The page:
Calais minors
Some of the first group of unaccompanied minors from the Jungle camp in Calais to be brought to Britain leave after being processed at an immigration centre in Croydon, south London on 17 October, 2016 Peter Nicholls/ Reuters

Home Office operations in the Calais camp to transfer child refugees to the UK have been criticised by those working on the ground. Clare Moseley, founder of charity Care4Calais, said that there was a lack of communication with those working in the camp prior to their arrival and confusion over exactly who they were trying to register.

"It was clear that there was no visible outreach plan in place; they were calling ad hoc on all volunteers to help find children asap," she told IBTimes UK.

"At no point was child-friendly information shared about what this registration was for, what it meant for the child. This is really important as there is so much confusion amongst the kids as to what they have signed up to and why."

According to Care4Calais, the registration process closed early Monday afternoon (17 October) with more than 100 children still waiting their turn. They were informed that registration would resume next Monday morning (24 October).

Moseley said the children left behind have no idea what their future will look like. "They are frightened and really unclear about what will happen to them," she added.

Government operations in the camp have come under increased scrutiny since the arrival of the first group of children refugees to the UK on 17 October.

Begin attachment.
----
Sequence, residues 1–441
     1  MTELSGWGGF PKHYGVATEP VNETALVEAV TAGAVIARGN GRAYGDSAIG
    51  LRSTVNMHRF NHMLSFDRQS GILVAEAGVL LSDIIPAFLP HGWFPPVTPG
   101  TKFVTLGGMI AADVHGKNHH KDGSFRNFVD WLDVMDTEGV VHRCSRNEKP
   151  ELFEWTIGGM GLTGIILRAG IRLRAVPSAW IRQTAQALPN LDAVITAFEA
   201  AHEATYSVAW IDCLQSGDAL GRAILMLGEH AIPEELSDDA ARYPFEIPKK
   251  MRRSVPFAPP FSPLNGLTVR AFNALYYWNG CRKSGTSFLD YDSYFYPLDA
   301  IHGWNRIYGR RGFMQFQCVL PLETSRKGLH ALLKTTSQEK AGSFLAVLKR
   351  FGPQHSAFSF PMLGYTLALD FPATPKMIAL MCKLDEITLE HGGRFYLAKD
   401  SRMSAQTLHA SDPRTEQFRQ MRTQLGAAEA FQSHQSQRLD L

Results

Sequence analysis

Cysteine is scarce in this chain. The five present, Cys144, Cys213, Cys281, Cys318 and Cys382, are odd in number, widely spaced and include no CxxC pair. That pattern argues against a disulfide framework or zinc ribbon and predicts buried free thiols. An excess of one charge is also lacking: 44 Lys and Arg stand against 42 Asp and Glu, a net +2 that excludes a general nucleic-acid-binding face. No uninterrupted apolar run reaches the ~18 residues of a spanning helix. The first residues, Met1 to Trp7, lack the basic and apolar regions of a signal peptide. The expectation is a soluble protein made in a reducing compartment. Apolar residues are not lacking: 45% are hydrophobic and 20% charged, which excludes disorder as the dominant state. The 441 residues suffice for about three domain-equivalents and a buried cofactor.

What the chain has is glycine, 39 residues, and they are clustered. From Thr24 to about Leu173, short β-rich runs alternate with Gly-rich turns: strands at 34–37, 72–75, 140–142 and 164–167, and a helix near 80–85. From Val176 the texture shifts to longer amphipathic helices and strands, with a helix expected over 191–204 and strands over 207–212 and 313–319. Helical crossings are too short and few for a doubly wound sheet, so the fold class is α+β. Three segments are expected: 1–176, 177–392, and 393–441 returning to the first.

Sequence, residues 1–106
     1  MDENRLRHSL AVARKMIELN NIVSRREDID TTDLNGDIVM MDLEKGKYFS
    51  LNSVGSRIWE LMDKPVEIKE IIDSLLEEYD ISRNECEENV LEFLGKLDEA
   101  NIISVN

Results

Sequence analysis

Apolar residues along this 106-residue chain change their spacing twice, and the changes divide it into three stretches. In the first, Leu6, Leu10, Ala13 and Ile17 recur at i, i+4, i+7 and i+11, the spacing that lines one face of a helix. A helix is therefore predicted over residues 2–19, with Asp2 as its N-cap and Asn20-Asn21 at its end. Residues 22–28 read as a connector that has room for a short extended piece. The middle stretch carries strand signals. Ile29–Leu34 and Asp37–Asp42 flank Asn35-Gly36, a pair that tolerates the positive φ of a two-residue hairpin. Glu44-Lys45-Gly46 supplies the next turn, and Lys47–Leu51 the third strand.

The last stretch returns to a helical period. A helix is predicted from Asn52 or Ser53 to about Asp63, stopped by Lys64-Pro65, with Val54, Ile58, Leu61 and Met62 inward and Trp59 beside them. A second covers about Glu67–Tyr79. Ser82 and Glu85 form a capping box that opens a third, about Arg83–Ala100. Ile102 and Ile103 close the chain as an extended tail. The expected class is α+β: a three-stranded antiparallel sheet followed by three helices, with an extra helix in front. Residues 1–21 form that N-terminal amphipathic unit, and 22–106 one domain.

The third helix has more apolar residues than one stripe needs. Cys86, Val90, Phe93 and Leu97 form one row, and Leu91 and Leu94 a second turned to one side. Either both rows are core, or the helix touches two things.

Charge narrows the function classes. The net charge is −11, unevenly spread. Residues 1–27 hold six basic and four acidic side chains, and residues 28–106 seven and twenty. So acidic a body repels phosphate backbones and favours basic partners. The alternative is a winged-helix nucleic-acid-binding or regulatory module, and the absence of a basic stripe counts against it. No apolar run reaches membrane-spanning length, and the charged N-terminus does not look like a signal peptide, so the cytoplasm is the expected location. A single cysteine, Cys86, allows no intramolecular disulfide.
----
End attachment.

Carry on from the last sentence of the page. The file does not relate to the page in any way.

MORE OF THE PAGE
David Davies, the Tory MP for Monmouth, who had previously questioned the age of some in the group, sparked further outrage when he called for tests on teeth to verify the age of child migrants.

A Home Office spokesperson rejected the proposal: "We do not use dental X-rays to confirm the ages of those seeking asylum in the UK. The British Dental Association has described them as inaccurate, inappropriate and unethical."

The IB TimesUK has asked the Home Office for a comment on Care4Calais' claims but they have not yet responded.

Earlier, the Home Ofice said refugees considered for transfer to the country are interviewed by French and UK officials. When clear documentary evidence of age is not available, the authorities consider criteria including physical appearance and demeanour as part of the interview process to assess age.

According to the Home Office, 140 children have so far been identified as being entitled to family reunification in the UK.

A census conducted in July by the UK charity Help Refugees said there were 761 children in Calais, 80% of whom were unaccompanied.

The Calais camp is due to be dismantled by Christmas. Charity groups have warned that many of the migrants who do not want to stay in France are likely to camp elsewhere and try to cross the English Channel to Britain.

Data from the Home Office regarding asylum requests from unaccompanied children show that in 2015 there were 766 age-related disputes. Of the 700 resolved, 68% were made by a claimant over 18 years of age.